Array of IT helps drive Illinois hospital’s program to manage glucose levels
Inadequate glucose control can result in hospital-associated infections and other complications that can lead to increased lengths of stay and nonreimbursable readmissions within 30 days. By using Six Sigma methodologies to redesign processes, educating physicians, staff and patients, and embedding evidence-based protocols in our computerized physician-order entry system, Decatur (Ill.) Memorial Hospital has made proactive management of inpatient diabetes the rule rather than the exception.
For at least 60 years, the use of a sliding scale to reactively manage insulin has been passed down by physicians from one generation to the next. It prescribes the amount of insulin based on the glucose reading—a reactive approach that can result in glycemic swings. Current best practice points to anticipatory physiologic insulin dosing, prescribed as a basal/nutritional/correctional regimen. Before launching our glucose control initiative, a year’s worth of data showed that 55% of Decatur’s inpatients were being managed solely using sliding scale and only 72% of patients maintained glucose readings below 180 throughout their stay.
When asked when their patients’ blood sugar had been checked, nurses typically answered 15 to 30 minutes after mealtime. According to the data, however, up to 70% of the time the checks had occurred between 31 minutes and two hours after meals.
To launch our initiative, we established a 23-person, multidisciplinary glycemic control team that included our patient-safety and regulatory officer, the CMO, a Six Sigma Black Belt and representatives from dietary, education, clinical informatics, pharmacy, lab and administration.
Mapping out the baseline processes revealed many related activities that were entirely unconnected. After analysis, the team created a new, connected glucose control process map. It connected nursing, pharmacy, food delivery and patient-care elements with a new treatment protocol and patient education.
At Decatur, patients may order food whenever they want, without their nurse knowing about it. To eliminate these challenges, in the new process, nutrition services takes the order, reviews the carbohydrate count and notifies the nurse when the tray is delivered. The nurse takes a glucose reading before the meal and, if necessary, administers correctional insulin within 15 to 30 minutes of the first bite. When finished, the patient calls the nurse, who calculates carbs based on what was eaten and gives correctional insulin as needed.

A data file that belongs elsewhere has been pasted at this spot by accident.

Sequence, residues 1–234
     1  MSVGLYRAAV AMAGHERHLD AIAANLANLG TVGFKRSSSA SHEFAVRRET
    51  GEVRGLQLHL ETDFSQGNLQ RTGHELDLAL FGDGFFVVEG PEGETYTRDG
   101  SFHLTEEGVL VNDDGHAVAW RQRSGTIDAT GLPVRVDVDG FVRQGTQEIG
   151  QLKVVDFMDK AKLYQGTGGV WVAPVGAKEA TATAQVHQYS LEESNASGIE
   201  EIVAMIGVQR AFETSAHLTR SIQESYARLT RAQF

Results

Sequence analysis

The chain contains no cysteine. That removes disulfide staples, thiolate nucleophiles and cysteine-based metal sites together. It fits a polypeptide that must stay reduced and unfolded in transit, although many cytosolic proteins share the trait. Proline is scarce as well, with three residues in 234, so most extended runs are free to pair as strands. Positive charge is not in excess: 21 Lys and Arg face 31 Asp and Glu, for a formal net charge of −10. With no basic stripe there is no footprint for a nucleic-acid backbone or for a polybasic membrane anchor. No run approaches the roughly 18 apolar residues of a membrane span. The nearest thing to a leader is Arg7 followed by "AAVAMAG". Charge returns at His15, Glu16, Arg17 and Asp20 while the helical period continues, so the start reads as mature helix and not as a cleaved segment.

After reviewing exhaustive resources from the Society of Hospital Medicine, the team enlisted a variety of IT to hardwire the evidence, including CPOE, electronic nursing documentation, our pharmacy information system, a glucose monitoring system, room service software and reporting tools.
We used CPOE to deliver clinical decision support and ensure the right information was given to the right person via the right channel at the right time to achieve the right outcome. The new CPOE-based process enables the physician to complete an evidence-based order in only three clicks. A related screen pulls in the results of the last four fingersticks and enables the physician to adjust the dose or start a new regimen.
After piloting the new protocol with the hospitalist team, additional nursing units came on board every few weeks until it was in use hospital-wide. To measure improvement, the team looked at 75 patients who were diabetic or hypoglycemic. For all 75 patients, glucose levels below 180 were maintained by 81.3% of the patients, an improvement over the baseline of 72%. And glucose level checks improved from only 20% occurring within 30 minutes of mealtime to more than 80%.
Based on early results and user feedback, we continued to make improvements in our process by:
Refining the way carbohydrate counts are printed on meal tickets;
Tweaking the protocol and CPOE order form to improve the workflow;
Encouraging surgeons to request a medical consult when they are concerned about their patients’ glucose results.
For the next phase, the team plans to roll out its glucose-control program to primarycare physicians and incorporate it into Decatur’s patient-centered medical home project. Decatur is applying for Joint Commission Disease Specific Certification in Inpatient Diabetes Care and regularly conducts site visits so peers can see the power of clinical decision support with CPOE.